Austria off to worst downhill start in 25 years

Eric Willemsen
The Associated Press
Austria's Hannes Reichelt races the downhill in Kitzbuehel last year.
Alessandro Trovati / AP | AP

VIENNA — Without a top-three finish in the first three races, the Austrian downhill team is having its worst start to a World Cup season in 25 years.

Even with two-time World Cup downhill champion Aksel Lund Svindal of Norway sidelined because of a torn Achilles tendon, the former “Wunderteam” has failed to make any impact.

Hannes Reichelt was ninth in Lake Louise last month.

Then Max Franz in Beaver Creek and Olympic champion Matthias Mayer in Val Gardena both came in seventh for the team’s best results, making it the poorest showing in pre-Christmas races since 1989.

After harsh criticism by greats Stephan Eberharter and Michael Walchhofer in the Austrian media, and with six weeks left before the world championship downhill in Beaver Creek, the team wants to get back on track in the final downhill of 2014 — at Santa Caterina Valfurva, Italy, on Sunday.

“During the start of the season they haven’t taken their chances,” head coach Andreas Puelacher said. “Now, the guys are starting to take more risks. It won’t be long until we are back among the best.”

According to Puelacher, who took over from Mathias Berthold this season, it’s all about minor issues.

“If we avoid the small mistakes, then we’ll see fireworks soon,” the coach said, adding his racers have had good split times and been fast in parts of the races.

Austria won two of the most appealing downhill races last season, with Mayer capturing Olympic gold in Sochi and Reichelt taking the classic Hahnenkamm race in Kitzbuehel.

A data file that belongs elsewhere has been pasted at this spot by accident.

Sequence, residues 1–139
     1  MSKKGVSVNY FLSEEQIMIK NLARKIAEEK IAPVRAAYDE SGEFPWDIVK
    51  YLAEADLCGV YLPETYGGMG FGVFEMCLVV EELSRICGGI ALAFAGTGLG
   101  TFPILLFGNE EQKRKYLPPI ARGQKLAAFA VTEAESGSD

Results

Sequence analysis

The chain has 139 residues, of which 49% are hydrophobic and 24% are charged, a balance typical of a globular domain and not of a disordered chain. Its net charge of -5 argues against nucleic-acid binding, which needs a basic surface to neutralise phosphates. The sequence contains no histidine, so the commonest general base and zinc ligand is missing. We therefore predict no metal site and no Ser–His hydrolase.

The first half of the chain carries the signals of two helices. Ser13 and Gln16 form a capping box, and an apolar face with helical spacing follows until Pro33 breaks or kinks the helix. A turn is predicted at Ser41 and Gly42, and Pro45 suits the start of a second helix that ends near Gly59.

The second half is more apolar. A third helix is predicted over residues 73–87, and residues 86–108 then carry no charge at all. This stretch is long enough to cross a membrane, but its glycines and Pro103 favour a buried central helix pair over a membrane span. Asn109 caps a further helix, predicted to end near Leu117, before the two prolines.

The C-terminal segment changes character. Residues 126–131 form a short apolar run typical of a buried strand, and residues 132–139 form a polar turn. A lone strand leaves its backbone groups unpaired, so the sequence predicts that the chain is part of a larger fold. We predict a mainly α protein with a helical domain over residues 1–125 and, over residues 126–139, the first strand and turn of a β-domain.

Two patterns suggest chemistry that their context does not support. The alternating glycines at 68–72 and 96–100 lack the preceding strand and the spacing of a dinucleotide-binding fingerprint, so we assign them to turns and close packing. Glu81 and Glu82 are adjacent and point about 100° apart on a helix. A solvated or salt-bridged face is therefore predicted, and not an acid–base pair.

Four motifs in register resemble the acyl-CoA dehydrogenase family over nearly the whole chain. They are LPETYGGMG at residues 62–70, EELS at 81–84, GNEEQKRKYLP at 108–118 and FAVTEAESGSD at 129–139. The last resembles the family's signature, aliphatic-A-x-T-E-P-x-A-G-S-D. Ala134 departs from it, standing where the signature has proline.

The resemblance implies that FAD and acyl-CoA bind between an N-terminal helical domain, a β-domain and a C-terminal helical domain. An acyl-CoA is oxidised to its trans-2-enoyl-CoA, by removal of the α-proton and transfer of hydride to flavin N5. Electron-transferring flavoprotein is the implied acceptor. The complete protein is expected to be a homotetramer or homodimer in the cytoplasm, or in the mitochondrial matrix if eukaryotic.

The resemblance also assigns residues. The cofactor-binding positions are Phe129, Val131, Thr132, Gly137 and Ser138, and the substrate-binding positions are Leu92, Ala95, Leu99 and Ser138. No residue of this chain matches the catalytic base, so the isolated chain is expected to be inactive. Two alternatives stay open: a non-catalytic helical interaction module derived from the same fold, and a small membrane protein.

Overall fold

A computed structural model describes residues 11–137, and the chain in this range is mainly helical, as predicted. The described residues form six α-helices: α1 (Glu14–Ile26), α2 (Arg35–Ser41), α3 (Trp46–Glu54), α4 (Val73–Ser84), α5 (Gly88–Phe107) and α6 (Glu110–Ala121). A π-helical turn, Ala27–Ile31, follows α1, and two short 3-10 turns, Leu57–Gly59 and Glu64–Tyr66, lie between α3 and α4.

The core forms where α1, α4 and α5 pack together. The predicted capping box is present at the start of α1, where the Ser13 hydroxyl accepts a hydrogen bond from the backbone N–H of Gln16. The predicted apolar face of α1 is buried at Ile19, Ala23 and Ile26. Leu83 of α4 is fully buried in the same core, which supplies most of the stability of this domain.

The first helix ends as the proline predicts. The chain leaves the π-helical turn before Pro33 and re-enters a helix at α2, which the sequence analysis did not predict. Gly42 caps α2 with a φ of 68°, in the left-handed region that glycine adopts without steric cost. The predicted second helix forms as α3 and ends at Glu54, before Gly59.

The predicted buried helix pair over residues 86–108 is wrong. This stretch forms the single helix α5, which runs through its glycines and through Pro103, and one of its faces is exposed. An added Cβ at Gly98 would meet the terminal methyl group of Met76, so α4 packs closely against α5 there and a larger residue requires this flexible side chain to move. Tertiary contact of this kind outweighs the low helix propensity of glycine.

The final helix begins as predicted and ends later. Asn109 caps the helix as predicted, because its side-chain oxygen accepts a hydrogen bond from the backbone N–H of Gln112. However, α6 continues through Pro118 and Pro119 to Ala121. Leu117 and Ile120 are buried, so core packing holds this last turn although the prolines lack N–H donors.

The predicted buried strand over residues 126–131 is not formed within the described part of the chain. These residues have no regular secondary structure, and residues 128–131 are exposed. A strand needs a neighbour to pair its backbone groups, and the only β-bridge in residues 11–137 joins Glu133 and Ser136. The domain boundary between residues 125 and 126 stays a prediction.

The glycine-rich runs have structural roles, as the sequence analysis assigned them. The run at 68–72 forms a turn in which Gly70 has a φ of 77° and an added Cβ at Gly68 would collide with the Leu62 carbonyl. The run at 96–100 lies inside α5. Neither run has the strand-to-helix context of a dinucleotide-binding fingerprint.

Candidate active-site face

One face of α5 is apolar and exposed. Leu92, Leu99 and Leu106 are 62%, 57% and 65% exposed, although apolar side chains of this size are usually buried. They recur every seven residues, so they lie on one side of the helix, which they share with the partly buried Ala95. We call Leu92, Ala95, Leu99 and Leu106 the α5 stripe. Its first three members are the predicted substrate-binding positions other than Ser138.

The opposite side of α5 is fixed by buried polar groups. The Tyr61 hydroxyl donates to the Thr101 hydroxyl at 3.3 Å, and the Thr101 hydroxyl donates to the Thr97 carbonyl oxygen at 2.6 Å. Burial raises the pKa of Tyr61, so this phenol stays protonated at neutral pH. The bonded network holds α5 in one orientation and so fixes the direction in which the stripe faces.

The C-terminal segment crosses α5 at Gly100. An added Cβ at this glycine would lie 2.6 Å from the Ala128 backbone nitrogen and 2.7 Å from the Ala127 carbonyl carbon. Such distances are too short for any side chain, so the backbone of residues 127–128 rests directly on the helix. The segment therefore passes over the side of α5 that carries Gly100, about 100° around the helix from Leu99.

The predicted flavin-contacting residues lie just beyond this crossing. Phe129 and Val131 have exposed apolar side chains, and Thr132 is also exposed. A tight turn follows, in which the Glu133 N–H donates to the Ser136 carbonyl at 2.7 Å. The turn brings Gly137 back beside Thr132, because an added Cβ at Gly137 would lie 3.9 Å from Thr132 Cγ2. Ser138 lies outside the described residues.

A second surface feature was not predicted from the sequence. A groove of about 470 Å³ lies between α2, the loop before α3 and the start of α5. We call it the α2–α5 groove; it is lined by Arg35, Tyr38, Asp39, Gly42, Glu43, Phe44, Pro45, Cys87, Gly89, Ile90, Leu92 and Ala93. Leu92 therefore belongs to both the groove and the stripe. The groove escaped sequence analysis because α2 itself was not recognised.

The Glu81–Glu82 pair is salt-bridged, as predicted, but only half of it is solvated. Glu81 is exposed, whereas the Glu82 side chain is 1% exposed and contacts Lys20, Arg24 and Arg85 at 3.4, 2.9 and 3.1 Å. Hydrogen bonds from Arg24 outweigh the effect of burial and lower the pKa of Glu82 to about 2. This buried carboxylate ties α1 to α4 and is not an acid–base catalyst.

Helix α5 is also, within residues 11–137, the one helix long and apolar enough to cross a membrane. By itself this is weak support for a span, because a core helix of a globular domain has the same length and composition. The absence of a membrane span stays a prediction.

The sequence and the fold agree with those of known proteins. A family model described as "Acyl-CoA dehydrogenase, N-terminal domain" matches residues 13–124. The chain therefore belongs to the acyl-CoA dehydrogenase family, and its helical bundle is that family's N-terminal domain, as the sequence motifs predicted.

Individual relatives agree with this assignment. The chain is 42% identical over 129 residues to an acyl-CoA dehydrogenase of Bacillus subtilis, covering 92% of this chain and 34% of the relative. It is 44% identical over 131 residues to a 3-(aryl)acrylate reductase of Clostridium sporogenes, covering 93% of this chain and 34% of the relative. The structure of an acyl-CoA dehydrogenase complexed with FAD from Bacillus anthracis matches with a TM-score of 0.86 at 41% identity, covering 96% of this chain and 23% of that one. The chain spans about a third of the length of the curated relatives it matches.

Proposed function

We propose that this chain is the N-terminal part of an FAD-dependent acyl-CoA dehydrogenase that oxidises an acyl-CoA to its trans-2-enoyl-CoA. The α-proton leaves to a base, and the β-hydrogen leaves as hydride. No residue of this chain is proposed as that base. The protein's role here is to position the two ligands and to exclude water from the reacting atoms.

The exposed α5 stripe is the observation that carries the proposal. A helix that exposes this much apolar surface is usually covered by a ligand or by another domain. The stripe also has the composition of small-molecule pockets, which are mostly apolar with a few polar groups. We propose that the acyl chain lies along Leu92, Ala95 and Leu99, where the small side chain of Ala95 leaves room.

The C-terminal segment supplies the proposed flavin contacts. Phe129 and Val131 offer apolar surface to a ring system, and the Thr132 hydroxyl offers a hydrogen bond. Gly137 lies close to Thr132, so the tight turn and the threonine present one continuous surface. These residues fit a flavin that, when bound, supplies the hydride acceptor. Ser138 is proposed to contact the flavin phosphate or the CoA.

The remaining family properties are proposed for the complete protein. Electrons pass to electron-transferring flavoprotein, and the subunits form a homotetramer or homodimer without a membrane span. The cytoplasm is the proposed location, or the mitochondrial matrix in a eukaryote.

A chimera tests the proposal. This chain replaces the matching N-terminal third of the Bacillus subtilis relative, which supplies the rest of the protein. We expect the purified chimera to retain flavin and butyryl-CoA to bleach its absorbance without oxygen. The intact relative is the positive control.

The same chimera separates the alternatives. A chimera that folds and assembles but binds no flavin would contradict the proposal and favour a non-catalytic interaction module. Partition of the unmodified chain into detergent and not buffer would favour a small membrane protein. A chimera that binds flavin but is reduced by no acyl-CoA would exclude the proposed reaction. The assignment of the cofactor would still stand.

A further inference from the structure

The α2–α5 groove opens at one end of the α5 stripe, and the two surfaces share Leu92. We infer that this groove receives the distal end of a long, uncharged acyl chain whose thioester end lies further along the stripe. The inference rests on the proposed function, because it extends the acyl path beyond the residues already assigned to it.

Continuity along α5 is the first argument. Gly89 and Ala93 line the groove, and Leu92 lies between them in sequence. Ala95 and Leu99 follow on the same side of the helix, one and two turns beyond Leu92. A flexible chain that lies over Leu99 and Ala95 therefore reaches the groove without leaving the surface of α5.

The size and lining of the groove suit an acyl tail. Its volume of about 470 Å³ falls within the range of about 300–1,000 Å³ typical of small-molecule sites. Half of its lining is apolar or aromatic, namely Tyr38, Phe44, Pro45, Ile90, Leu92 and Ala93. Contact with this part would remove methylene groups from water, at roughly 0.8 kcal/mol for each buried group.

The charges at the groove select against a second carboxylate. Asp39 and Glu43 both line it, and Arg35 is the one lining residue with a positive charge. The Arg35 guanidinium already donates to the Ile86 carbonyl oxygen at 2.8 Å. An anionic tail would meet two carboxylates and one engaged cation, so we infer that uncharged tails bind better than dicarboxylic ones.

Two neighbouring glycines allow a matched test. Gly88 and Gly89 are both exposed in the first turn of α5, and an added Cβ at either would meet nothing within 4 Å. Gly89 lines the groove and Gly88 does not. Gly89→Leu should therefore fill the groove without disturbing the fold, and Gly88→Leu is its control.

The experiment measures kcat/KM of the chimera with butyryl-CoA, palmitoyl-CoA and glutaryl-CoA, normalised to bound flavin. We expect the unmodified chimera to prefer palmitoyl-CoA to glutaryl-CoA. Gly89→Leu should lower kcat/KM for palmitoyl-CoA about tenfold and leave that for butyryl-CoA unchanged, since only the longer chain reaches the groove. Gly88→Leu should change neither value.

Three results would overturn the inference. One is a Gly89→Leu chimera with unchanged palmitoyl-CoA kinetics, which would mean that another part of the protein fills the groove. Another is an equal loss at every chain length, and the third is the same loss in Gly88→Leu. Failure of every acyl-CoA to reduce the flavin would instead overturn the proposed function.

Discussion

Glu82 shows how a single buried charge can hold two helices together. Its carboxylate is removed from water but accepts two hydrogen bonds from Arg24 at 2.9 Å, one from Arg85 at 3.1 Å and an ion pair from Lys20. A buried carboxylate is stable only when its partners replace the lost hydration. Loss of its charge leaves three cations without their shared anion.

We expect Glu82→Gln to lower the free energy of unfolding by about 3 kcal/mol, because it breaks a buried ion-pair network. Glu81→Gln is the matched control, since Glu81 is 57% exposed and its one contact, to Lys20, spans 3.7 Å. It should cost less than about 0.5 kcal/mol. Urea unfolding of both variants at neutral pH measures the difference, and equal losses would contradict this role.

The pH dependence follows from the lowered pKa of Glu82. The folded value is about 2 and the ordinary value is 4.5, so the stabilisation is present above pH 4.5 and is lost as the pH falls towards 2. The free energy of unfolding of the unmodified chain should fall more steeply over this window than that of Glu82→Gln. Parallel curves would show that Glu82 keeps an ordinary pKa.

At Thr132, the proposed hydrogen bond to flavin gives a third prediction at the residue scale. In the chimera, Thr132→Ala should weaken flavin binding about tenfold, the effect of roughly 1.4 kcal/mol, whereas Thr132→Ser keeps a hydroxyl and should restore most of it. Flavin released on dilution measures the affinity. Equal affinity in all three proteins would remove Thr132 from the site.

Less than a year on, the euphoria has vanished in a country where skiing is serious business. Former racers and other experts have been publicly discussing the plight of the downhill team.

“Some of them are coming down very passively, they just stick to the racing line they saw during course inspection and forget to let their skis go,” said two-time overall champion Eberharter, who won a World Cup race in Aspen. “If I see them, I ask myself whether they really want to be fast? Do they really want to win?”

Walchhofer, once Eberharter’s teammate and now vice president of the Austrian ski federation, is the last Austrian to win the world downhill title, in 2003. He also points to a “mentality issue.”

“It has nothing to do with training deficits,” he said. “Either you manage to overcome the challenge or you don’t.”

The remarks didn’t sit well with the team. Klaus Kroell called the comments “unnecessary,” and Reichelt added that “help from the likes of Walchhofer and Eberharter is always welcome, but they have my phone number. I’d rather see they call me than criticize us in some newspapers.”

Reichelt, at least, won a speed race this season — the super-G in Beaver Creek.

“There isn’t missing much in downhill,” said Reichelt, who sat out the Sochi Olympics with a back injury. “It’s just some small technical mistakes, a matter of centimeters in the turns.”

Despite the lack of downhill results, Austria is enjoying a good start to the World Cup season with five wins and nine top-three finishes overall, including a dominating performance by the Austrian women technical skiers in Aspen at the Aspen Winternational last month.

However, it is relying mainly on defending overall champion Marcel Hirscher, who already has racked up six podium finishes, including four wins, in technical events.

“What Marcel is doing is sensational,” the Austrian head coach said. “Our speed teams should beat (overall leader Kjetil) Jansrud as often as possible. That would be of great help to Marcel.”

Hirscher, in turn, might help the downhill team later. He is considering his first start in skiing’s fastest discipline in Saalbach on Feb. 21.